Just Because It's Trending Doesn't Mean It's True
Hoax Alert

Fake News: Asylum Seekers Are NOT Housed In Luxury Hotels While Homeless Veterans Are Left On The Street

  • by: Alan Duke
  • (Thu, 28 Nov 2019 02:11:06 Z)

Are asylum seekers housed in luxury hotels in the United States, while homeless veterans are left in the street? No, that's not true: Refugees who apply for asylum in the United States are eligible for limited financial support for housing, but there is no program that places the immigrants in luxury hotels. The photo used in a meme making the claim is from a British newspaper reporting on 150 African and Arab migrants temporarily staying in a Kent hotel while their applications were processed in 2014.

The federal government estimates there are approximately 40,000 homeless vets on the streets each night. The Veterans Administration and other groups offer help, but far short of what is needed to address a widespread and complex problem.

The meme originated from a post (archived here) published on June 8, 2016, under the title "Disgraceful!". It opened:

ASYLUM SEEKERS: HOUSED IN LUXURY HOTELS!
HOMELESS VETERANS: LEFT ON THE STREET!
SHARE IF YOU THINK THIS IS A DISGRACE!

Screenshot of https://www.facebook.com/BattlecryPTSD/photos/a.431062620428257/512742745593577/?type=3&permPage=1

This is what social media users saw:

The meme maker used a photo from Britain's Daily Express September 28, 2014, article titled "EXCLUSIVE: Taxpayers fund migrants B&B rooms in top holiday destinations" which read:

The Daily Express can reveal 150 refugees have been bussed to Bournemouth where they are enjoying full bed and board on the public purse.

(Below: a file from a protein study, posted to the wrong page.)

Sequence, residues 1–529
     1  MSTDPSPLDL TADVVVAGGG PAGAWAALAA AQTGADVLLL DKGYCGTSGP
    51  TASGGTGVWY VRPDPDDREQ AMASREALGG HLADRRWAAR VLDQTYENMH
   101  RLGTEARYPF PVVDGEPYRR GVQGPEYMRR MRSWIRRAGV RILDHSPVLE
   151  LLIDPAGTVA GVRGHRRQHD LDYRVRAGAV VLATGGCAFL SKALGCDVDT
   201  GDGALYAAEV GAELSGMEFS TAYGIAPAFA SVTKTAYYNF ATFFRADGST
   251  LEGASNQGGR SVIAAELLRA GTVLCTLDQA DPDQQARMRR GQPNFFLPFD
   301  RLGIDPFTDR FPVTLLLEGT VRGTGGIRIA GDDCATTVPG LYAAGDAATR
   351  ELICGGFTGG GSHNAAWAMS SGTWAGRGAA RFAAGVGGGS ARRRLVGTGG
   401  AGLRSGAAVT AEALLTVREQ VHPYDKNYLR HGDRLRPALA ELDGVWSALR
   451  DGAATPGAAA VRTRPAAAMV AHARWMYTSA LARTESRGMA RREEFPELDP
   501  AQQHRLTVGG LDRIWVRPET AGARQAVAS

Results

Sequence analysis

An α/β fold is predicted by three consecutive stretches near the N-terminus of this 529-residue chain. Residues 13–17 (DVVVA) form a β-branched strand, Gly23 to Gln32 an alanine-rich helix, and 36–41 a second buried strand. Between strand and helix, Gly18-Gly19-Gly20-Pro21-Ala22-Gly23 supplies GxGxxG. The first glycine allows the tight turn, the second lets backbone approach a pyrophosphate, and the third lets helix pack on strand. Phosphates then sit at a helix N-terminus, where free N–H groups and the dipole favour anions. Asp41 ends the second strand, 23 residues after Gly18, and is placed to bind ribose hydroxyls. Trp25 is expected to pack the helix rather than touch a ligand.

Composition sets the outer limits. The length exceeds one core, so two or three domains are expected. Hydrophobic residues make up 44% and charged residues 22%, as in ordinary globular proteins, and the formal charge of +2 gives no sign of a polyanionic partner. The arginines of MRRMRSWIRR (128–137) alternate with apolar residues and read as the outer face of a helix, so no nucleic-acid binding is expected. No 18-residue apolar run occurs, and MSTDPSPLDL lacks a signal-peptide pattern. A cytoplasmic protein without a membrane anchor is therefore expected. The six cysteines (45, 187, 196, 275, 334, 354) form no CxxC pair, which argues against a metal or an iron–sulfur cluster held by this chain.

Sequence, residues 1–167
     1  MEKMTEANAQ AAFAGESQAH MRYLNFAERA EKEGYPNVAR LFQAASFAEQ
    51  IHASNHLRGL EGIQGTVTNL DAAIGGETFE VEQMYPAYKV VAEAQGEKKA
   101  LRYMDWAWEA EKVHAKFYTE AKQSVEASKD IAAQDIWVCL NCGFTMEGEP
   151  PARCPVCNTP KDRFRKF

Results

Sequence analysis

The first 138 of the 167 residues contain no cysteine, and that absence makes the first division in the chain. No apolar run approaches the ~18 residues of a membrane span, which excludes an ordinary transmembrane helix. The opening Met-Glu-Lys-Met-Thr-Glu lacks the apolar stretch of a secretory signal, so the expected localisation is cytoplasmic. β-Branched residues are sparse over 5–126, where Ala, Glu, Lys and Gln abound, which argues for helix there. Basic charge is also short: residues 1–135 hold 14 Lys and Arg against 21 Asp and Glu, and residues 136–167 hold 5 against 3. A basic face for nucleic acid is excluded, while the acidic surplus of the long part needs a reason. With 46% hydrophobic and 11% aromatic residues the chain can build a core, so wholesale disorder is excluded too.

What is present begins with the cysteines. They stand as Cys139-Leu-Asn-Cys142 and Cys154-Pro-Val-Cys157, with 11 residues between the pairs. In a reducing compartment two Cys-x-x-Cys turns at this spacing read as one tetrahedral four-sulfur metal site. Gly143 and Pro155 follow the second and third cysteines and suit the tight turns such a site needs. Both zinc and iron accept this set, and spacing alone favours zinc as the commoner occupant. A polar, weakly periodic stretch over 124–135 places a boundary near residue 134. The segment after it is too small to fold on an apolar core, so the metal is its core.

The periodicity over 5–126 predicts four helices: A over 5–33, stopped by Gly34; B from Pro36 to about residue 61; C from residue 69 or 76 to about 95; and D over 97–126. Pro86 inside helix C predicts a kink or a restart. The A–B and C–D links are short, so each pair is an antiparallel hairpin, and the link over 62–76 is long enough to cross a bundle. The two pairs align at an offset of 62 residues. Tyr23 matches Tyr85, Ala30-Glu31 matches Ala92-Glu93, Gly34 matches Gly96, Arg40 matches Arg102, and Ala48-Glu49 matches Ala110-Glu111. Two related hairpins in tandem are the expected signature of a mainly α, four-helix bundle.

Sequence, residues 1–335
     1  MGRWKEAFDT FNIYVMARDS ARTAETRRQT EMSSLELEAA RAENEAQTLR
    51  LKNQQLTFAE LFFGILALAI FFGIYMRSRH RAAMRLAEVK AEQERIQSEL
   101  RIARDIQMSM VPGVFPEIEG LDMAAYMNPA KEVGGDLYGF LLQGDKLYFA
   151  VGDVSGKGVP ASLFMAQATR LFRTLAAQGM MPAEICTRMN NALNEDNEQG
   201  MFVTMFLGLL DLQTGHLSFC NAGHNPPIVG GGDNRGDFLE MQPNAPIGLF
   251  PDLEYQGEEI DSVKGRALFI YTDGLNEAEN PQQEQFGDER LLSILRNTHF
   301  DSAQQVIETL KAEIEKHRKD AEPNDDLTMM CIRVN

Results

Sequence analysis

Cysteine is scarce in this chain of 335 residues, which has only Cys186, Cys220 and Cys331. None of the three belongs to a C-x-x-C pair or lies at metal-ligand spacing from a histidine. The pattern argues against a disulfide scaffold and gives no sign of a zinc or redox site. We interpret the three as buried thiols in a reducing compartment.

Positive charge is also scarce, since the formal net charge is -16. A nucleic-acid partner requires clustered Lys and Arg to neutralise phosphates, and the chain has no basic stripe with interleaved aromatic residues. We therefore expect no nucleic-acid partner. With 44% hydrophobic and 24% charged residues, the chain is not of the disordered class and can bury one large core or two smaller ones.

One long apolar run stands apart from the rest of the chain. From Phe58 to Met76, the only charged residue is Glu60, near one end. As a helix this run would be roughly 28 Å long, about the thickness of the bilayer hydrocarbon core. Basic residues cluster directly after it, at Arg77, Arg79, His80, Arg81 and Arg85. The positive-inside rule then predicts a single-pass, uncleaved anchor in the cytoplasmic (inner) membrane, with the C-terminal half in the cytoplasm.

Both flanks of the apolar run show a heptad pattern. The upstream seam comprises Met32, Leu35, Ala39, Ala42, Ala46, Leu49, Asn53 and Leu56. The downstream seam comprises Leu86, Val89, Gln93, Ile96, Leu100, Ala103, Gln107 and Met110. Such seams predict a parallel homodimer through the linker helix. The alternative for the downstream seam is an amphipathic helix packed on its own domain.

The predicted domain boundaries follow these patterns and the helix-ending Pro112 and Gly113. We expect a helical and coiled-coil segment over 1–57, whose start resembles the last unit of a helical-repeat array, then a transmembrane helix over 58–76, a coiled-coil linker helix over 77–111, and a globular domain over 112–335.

The move sparked anger on the "Sunshine Coast" coming just days after it was revealed how 130 migrants had taken over a hotel in Folkestone, Kent.

The Daily Express has learned that beleaguered Home Office officials have turned to Britannia Hotels, one of the UK's largest groups, to solve the UK's growing asylum epidemic.

Coach loads of African and Arab refugees have checked in to the three-star Heathlands and Roundhouse hotels in Britain's premier destination resort while their claims for asylum are processed.

The resort housing was a fix to a temporary shortage of housing for the new arrivals, who would normally qualify for £36.62 each week -- which translates to about $47.

The United States provides some temporary housing assistance to legal migrants who apply for asylum, but it is not enough to pay for a luxury hotel stay. Lead Stories took a close look at the assistance and the meme myths about it in two stories, titled "Fake News: One 'Illegal Refugee' Does NOT Get $3874 Per Month With The Federal Assistance Program" and "Fake News: Illegal Immigrants Do NOT Get 43% Of All Food Stamps, 95% of Los Angeles Murder Warrants, 66% Of California Births, 60% Of HUD Housing".

Want to inform others about the accuracy of this story?


Click this link to copy it to your clipboard
Then click here if you have Facebook or click here if you have Twitter to see who is sharing it (it might even be your friends...) and leave the link in the comments.

About the author:

Editor-in-Chief Alan Duke co-founded Lead Stories after ending a 26-year career with CNN, where he mainly covered entertainment, current affairs and politics. Duke closely covered domestic terrorism cases for CNN, including the Oklahoma City federal building bombing, the UNABOMBER and search for Southeast bomber Eric Robert Rudolph. CNN moved Duke to Los Angeles in 2009 to cover the entertainment beat. Duke also co-hosted a daily podcast with former HLN host Nancy Grace, "Crime Stories with Nancy Grace" and hosted the podcast series "Stan Lee's World: His Real Life Battle with Heroes & Villains." You'll also see Duke in many news documentaries, including on the Reelz channel, CNN and HLN.

Read more about or contact Alan Duke

About Lead Stories

Lead Stories uses the Trendolizer™ engine to detect the most trending stories from known fake news, satire and prank websites and tries to debunk them as fast as possible. Read more about how we work and how we select stories to check here.

Spotted a hoax that you think we should investigate? Have a tip? Want to send us a correction? Contact us!

You can also follow us here:

Most read

Recent

Like or Follow us to get the latest!

NEW! Subscribe to our YouTube channel: